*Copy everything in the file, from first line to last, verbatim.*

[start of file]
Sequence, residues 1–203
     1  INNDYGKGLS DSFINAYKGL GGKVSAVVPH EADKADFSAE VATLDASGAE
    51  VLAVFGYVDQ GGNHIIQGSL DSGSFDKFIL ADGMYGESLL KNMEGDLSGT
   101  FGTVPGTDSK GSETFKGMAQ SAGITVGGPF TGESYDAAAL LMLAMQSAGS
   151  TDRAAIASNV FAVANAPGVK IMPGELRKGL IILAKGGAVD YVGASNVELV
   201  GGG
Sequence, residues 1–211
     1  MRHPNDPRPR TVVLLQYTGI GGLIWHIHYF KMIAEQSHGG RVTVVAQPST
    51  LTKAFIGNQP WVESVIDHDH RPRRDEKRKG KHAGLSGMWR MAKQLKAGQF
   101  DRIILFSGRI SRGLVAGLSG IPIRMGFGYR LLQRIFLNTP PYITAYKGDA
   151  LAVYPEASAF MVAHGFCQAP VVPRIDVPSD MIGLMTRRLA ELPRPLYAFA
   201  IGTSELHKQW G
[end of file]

Sequence, residues 1–203
     1  INNDYGKGLS DSFINAYKGL GGKVSAVVPH EADKADFSAE VATLDASGAE
    51  VLAVFGYVDQ GGNHIIQGSL DSGSFDKFIL ADGMYGESLL KNMEGDLSGT
   101  FGTVPGTDSK GSETFKGMAQ SAGITVGGPF TGESYDAAAL LMLAMQSAGS
   151  TDRAAIASNV FAVANAPGVK IMPGELRKGL IILAKGGAVD YVGASNVELV
   201  GGG
Sequence, residues 1–211
     1  MRHPNDPRPR TVVLLQYTGI GGLIWHIHYF KMIAEQSHGG RVTVVAQPST
    51  LTKAFIGNQP WVESVIDHDH RPRRDEKRKG KHAGLSGMWR MAKQLKAGQF
   101  DRIILFSGRI SRGLVAGLSG IPIRMGFGYR LLQRIFLNTP PYITAYKGDA
   151  LAVYPEASAF MVAHGFCQAP VVPRIDVPSD MIGLMTRRLA ELPRPLYAFA
   201  IGTSELHKQW G